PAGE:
Bosnian Despair Deepens As UN Fails to Open Airport
SARAJEVO, BOSNIA-HERZEGOVINA — LIKE a hulking steel predator, the Serbian armored car growled to a halt, swiveled its turret, and unleashed a storm of cannon rounds into a row of shell-torn townhouses facing Sarajevo airport.
Serbian gunners entrenched in the airport complex joined the fusillade with machine gun and mortar fire, intent on silencing sniper attacks from the houses by members of the city's predominantly Muslim Slav defense force.
Plumes of smoke rose from burning cars, and shells and ricocheting bullets whined overhead.
"This is crazy," muttered a soldier of the United Nations Protection Force (UNPROFOR), as shock waves washed over his bunker at the entrance of the airport's main terminal Friday.
A day later, he and 82 other UN personnel were withdrawn to the UNPROFOR headquarters near the city center as their commander, Canadian Army Gen. Lewis MacKenzie, suspended efforts to reopen the airport to humanitarian aid flights because both sides failed to observe a June 5 cease-fire.
At almost the same time, the republic's seven-member presidency of Muslim Slavs, Croats, and loyalist Serbs declared a "state of war" and a general mobilization of draft-aged men.
The declaration and the UNPROFOR withdrawal from the havoc around the airport underscored the continuing descent of Europe's newest country into anarchy, unchecked by the imposition of UN sanctions against Serbia and Montenegro for supporting the Serbian offensive.
"The little glimmer of hope that came with the latest cease-fire last Monday turned out to be an illusion. People have become crazier, hungrier, and angrier," said a Belgrade-based Western diplomat who tracks developments in Bosnia-Herzegovnia.
Combat rages without respite across the republic, adding to the tragedy of the more than 7,200 people dead, 25,000 injured, and 1.3 million driven from their homes in three months.
Hunger is growing in Sarajevo, where the desperation of the estimated 300,000 people trapped by a Serbian siege deepened with General MacKenzie's decision to suspend UNPROFOR's attempt to reopen the airport for food and medicine deliveries.
"People began screaming and crying when they heard about it," said a resident of Dobrinja, a sprawling residential colony opposite Sarajevo airport, encircled by Serbian fighters and tanks.
The situation has been further complicated by the maneuverings of neighboring Croatia, whose right-wing president, Franjo Tudjman, earlier this month agreed to a military cooperation accord with his Bosnian counterpart, Alia Izetbegovic.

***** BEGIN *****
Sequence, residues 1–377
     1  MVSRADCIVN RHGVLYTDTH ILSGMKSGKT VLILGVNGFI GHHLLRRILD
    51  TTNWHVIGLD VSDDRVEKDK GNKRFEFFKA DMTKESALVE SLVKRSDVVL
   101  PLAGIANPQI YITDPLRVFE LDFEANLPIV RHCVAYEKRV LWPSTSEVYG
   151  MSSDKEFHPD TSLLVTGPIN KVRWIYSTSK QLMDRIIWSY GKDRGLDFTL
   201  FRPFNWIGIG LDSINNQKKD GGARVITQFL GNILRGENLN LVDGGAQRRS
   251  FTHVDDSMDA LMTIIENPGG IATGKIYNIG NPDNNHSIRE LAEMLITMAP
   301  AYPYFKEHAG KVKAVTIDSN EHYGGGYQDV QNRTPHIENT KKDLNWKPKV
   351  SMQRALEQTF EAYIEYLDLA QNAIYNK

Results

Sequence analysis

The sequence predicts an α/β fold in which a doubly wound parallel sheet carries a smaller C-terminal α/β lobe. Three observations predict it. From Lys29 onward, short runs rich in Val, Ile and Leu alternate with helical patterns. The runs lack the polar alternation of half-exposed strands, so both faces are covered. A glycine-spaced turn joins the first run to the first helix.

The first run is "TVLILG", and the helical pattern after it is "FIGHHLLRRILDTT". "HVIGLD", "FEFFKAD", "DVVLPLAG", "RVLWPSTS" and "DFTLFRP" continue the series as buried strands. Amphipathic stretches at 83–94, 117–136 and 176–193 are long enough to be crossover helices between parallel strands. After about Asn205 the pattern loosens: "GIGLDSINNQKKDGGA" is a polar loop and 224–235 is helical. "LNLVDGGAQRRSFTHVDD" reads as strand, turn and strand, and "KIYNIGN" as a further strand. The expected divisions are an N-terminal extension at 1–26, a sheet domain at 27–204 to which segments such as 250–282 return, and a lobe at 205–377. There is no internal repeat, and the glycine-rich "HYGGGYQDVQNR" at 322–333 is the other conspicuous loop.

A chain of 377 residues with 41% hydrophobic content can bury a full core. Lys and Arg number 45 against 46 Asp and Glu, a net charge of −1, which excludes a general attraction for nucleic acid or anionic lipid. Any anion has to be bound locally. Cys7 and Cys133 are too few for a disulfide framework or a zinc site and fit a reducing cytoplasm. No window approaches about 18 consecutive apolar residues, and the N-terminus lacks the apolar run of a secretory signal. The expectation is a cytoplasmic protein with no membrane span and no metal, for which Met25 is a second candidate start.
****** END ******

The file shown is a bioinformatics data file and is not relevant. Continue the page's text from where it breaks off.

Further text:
Western diplomats and other analysts expressed alarm, saying they believed that Mr. Tudjman saw the pact as an opportunity to exploit the worsening plight of Mr. Izetbegovic's government and hard-pressed defense forces.
HE accord, they said, justified the presence in parts of the republic of significant numbers of well-armed regular forces infiltrated from Croatia.
"I don't think the Croats will resist the temptation of biting off large chunks of Bosnian territory," said Milos Vasic, the military affairs writer of Belgrade's Vreme magazine.
"The war is quickly becoming one between Serbs and Croats, with the Muslim Slavs caught in the middle," said Mr. Vasic.
Large concentrations of regular Croatian Army forces have already helped turn the tide in the overwhelmingly Croatian region of Western Herzegovina, driving Serbian units out of the town of Mostar in a headlong retreat.
"Croatian armed forces from the republic of Croatia are making a very good offensive and taking our territory down there," Serbian Democratic Party president Radovan Karadzic acknowledged in an interview in his stronghold east of Sarajevo.
The Croatian goal, Vasic said, is to break the Serbian stranglehold on Croatia's historic city of Dubrovnik, which sits on a tiny sliver of Adriatic coastline bordering Eastern Herzegovina.
Other evidence of Croatian territorial aspirations were clashes over the weekend between Croatian paramilitary units and Muslim Slav fighters around the central town Travnik, where there is a large Croatian minority.
Tudjman's nationalist regime denies having territorial claims on Bosnia-Herzegovina, asserting that the pact with Izetbegovic embodied its recognition of the neighboring republic's independence. But, Vasic said, Tudjman is desperate to reap the political benefits of territorial gains after losing one-third of Croatia to Serbian forces in its own war of independence last summer.
The belief of a greater involvement by Croatia has strengthened Serbian resolve to carve out a self-declared Serbian state.
"The Croats are just using the Muslims for now. But after they drive the Serbs out of Bosnia, they will turn on the Muslims," contended Col. Kamnen Zarkovic, the commandant of the Serbian Democratic Party-held former Yugoslav Army base, which is in the Sarajevo suburb of Lukavica.
"We are fighting for our country, our future, for our people," declared a Serbian guerrilla, his face caked with sweat-streaked camouflage paint, as he and his commando unit rested at Sarajevo airport from a night of Combat.
"The war will not end until there are new borders," he said.